The Prairie real estate market stagnated for years, especially in Manitoba and Saskatchewan. Alberta enjoyed a robust housing industry, thanks to its two major urban centres – Edmonton and Calgary – and its energy sector. But everything changed a couple of years ago when a whole host of Prairie cities and towns posted meteoric gains.
But with rising interest rates and market uncertainty, is this still the case? While it might be too early to declare a downturn, the common theme in many Prairie markets is that prices continue to remain elevated, despite waning sales activity.
So, what are currently the three hottest Prairie real estate markets to invest in today? Here are the cities that are doing well during the downturn in the broader Canadian housing market.
Three Hot Prairie Real Estate Markets to Invest In
#1 Red Deer, Alberta
According to the Alberta Real Estate Association (AREA), residential property sales slipped just 2.5 per cent year-over-year in August, totalling 154 units. But the modest price growth has been the attractive component of the Red Deer real estate market, buoyed by broader market tightness.
In August, the total residential average price rose at an annualized pace of 2.8 per cent to $338,850. But while prices continue to be healthy, dollar-value performances among the different property categories have been mixed, association data revealed.
- Detached Average Price: +9.2 per cent to $394,765
- Semi-Detached Average Price: -2.6 per cent to $279,018
- Townhome Average Price: -8.7 per cent to $208,329
- Apartment Average Price: +15 per cent to $193,655
Housing supply may have contributed to the decline in semi-detached and condominium prices in August. Indeed, according to the AREA, new residential listings fell 14.8 per cent year-over-year to 224 units. Active residential listings tumbled 23.4 per cent to 523 units. Months of inventory, which measures the number of months it would take to exhaust current levels at the present rate of sales activity, slid 21.4 per cent to 3.40.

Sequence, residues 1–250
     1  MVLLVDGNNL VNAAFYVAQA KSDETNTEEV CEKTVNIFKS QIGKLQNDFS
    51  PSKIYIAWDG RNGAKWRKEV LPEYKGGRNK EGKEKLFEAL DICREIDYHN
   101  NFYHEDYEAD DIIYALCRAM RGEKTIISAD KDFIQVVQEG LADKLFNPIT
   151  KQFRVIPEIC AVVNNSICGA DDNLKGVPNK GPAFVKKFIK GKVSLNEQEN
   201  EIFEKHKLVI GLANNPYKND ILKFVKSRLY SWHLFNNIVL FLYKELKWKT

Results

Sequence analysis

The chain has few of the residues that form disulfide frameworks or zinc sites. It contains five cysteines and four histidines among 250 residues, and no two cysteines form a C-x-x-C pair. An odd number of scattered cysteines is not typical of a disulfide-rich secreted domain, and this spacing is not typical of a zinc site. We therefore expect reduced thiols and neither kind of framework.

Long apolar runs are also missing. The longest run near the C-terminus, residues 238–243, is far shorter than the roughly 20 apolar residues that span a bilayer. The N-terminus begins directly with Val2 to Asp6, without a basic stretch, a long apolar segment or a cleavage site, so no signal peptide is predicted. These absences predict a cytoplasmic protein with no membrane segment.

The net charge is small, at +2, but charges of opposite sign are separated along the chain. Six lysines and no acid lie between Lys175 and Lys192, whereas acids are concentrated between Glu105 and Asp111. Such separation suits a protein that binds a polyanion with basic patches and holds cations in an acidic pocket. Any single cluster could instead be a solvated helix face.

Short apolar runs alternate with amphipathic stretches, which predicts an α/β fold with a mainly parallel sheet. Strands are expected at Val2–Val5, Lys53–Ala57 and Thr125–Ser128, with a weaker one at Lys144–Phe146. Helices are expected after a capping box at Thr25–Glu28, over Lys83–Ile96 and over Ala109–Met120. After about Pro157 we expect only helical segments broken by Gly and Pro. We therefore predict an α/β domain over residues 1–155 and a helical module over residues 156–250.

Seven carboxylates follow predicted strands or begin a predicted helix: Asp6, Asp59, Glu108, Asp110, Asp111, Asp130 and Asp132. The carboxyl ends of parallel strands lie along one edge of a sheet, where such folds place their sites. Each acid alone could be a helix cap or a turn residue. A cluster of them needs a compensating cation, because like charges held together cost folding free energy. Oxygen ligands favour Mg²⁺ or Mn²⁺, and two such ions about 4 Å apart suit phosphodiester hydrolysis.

However, new housing construction activity has been on the decline this year, with housing starts totalling just 11 in July, according to Canada Mortgage and Housing Corporation (CMHC). Year-to-date, housing starts have totalled 87 units.
#2 Winnipeg, Manitoba
Tightness in the Winnipeg real estate market is beginning to loosen. Although price growth has eased amid rising interest rates, average prices remain elevated. Winnipeg Regional Real Estate Board (WRREB) statistics highlight that number tumbled 11 per cent in July to $400,000. But here is a key number: The year-to-date average single-family home selling price advanced by $431,158.
A similar trend can be found in the condominium market. While the condo average price dipped 2.5 per cent month-over-month in July, the more comprehensive year-to-date average price surged more than eight per cent to $264,208.
“Housing options and choice are signs of a healthy local market, so to see condominiums doing relatively well in comparison to 2021, when sales were up 39% over the best previous year, is very positive,” said Akash Bedi, the 2022 president of the Winnipeg Regional Real Estate Board, in a statement. “On the other hand, sales activity is not faring as well for residential-attached properties, which decreased 32% in July 2022 over July 2021.”
In the broader Winnipeg housing market, home sales fell eight per cent, totalling 1,542 units. This is just three per cent lower than the five-year average for this time of the year.
“You just have to look back to July 2020 when there were close to 1,900 sales, and up until then, we have never seen this summer month eclipse 1,500 sales,” noted Bedi. “It becomes readily apparent how unusual July 2020 was.”
Once again, supply has been key in Winnipeg as new residential listings surged nine per cent to 2,359 units.
#3 Saskatoon, Saskatchewan
The Saskatoon real estate market in July can be summarized like this: prices are exceptional, and demand has subsided.
According to the Saskatchewan Realtors Association (SRA), MLS® Home Price Index (HPI) increased nearly nine per cent year-over-year to $331,400 in Saskatoon.
Residential property sales dropped 11 per cent, totalling 480 units. But it is worth noting that home sales in Saskatoon are 23 per cent above the five-year average.
Unlike other housing markets in the Prairies or the broader Canadian real estate market, the number of new residential listings surprisingly slipped 7.5 per cent to 758 units. This is 2.7 per cent below the five-year average.
Months of supply stood at five months, which is more than 34 per cent below the five-year average for this time of the year. Plus, days on the market was 41, down about three per cent from last year.
Can the Prairie Real Estate Market Sustain Its Growth?
Be it Saskatoon or Red Deer, the question is: Can the Prairies keep up? Some market analysts anticipate that segments of the Canadian real estate market that posted record-setting gains during the COVID-19 public health, such as Saskatoon and Winnipeg, would experience the sharpest downturn. So far, there has yet to be a crash or a notable decline in prices. For now, like Atlantic Canada, the Prairies are what might help the nation’s housing industry stay afloat in this rising-rate climate.